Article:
Marshal Cohen

Marshal Cohen
Chief Industry Advisor, Retail

Once again, it’s time for some big summer retailer promotions in the U.S.: just in time for back-to-school shopping, a jump-start to the back-to-college season, and (of course) summer clearance. No matter what the reason might be, it is certainly the season for deals on all kinds of products, and it’s all designed to jump-start lagging summer spending.

Banking on a much-needed boost

Over the past year, retail sales revenue growth has come primarily from elevated spending on food and beverages. While higher prices on food-and-beverage CPG is causing a consumer pullback in nearly all discretionary general merchandise industries. In fact, overall general merchandise sales revenue is 5% lower for year-to-date through June.

Product demand has broken into positive territory during only one week, so far this year, and there have been less than a handful of weeks with positive sales-revenue performance. Retailers will be using the July promotional period to reduce excess inventory that has resulted from this sluggish performance.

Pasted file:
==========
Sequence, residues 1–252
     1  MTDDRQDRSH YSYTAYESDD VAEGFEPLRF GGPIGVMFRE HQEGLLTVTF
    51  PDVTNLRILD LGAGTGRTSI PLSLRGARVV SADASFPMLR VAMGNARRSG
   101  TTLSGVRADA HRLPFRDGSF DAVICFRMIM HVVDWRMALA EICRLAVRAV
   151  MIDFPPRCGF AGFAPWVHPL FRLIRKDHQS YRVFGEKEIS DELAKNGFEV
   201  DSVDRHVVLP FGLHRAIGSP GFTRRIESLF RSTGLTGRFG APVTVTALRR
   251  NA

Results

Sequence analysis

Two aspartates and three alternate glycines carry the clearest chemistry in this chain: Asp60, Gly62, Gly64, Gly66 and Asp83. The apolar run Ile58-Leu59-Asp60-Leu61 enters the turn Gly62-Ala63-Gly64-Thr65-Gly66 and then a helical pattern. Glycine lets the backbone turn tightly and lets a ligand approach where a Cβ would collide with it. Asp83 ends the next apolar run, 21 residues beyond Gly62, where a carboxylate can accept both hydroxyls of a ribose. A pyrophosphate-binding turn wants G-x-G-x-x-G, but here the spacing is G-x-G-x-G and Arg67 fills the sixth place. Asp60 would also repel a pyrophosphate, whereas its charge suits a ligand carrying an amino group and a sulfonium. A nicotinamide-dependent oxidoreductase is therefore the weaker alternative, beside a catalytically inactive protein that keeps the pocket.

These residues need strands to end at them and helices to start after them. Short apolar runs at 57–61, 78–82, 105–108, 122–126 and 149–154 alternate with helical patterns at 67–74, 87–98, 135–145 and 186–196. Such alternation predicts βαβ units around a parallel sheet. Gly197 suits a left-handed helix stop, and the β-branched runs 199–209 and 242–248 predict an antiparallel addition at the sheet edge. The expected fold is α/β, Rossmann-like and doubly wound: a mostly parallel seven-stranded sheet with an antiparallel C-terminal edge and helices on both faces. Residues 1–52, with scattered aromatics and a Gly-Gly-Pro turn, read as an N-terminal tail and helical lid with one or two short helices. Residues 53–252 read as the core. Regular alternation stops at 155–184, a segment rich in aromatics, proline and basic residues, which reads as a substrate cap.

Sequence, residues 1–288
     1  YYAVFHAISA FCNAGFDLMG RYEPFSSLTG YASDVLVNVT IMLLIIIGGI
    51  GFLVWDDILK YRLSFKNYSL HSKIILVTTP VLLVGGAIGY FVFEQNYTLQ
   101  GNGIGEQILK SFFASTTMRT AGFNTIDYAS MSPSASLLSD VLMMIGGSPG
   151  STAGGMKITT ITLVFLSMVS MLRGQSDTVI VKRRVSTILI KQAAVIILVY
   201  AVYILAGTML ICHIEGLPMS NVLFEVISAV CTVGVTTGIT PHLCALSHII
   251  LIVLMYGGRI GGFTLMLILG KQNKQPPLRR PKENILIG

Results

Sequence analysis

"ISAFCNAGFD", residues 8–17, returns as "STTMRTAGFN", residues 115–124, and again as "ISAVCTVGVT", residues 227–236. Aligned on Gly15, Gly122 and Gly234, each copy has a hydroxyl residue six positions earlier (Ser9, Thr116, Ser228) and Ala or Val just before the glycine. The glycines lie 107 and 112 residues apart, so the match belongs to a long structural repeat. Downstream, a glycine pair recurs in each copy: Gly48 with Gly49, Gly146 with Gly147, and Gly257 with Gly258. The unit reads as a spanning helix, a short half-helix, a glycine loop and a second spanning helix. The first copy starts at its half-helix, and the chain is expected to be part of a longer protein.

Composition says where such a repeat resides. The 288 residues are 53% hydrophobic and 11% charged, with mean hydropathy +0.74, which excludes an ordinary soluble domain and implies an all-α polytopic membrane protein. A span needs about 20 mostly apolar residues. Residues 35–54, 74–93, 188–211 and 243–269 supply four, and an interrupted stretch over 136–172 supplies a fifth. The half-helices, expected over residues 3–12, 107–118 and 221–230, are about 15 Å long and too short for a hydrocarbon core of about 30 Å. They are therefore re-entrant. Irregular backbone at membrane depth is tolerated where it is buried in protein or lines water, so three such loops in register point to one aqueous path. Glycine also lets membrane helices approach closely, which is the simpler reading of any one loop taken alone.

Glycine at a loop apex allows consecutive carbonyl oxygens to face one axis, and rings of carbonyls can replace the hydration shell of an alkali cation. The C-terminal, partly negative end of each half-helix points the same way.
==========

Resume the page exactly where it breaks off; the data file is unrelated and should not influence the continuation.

Consumer response is conditional

Consumers are trading down to lower-priced items, to some degree, but the bigger story is that they are cutting back on unit sales, too. Demand is falling for both discretionary general-merchandise products and many areas of food-and-beverage CPG. Higher prices, higher interest rates — and now added expenses looming for those with student loans that will be required to be paid pack — have continued to contribute to the U.S. retail stall rate over the past several months. The power of promotions will come to the surface in the more economically challenged period that is approaching.

Time will tell if summer promotions can motivate consumers to purchase and spend more before the fall season kicks in, or if the reduced demand will remain steadfast, ultimately resulting in less revenue from lower pricing. To work well, the deals retailers offer need to be worthwhile and plentiful, both in the abundance of product offerings and in the size of the discounts. After all, only the consumer can determine the value of the deal.

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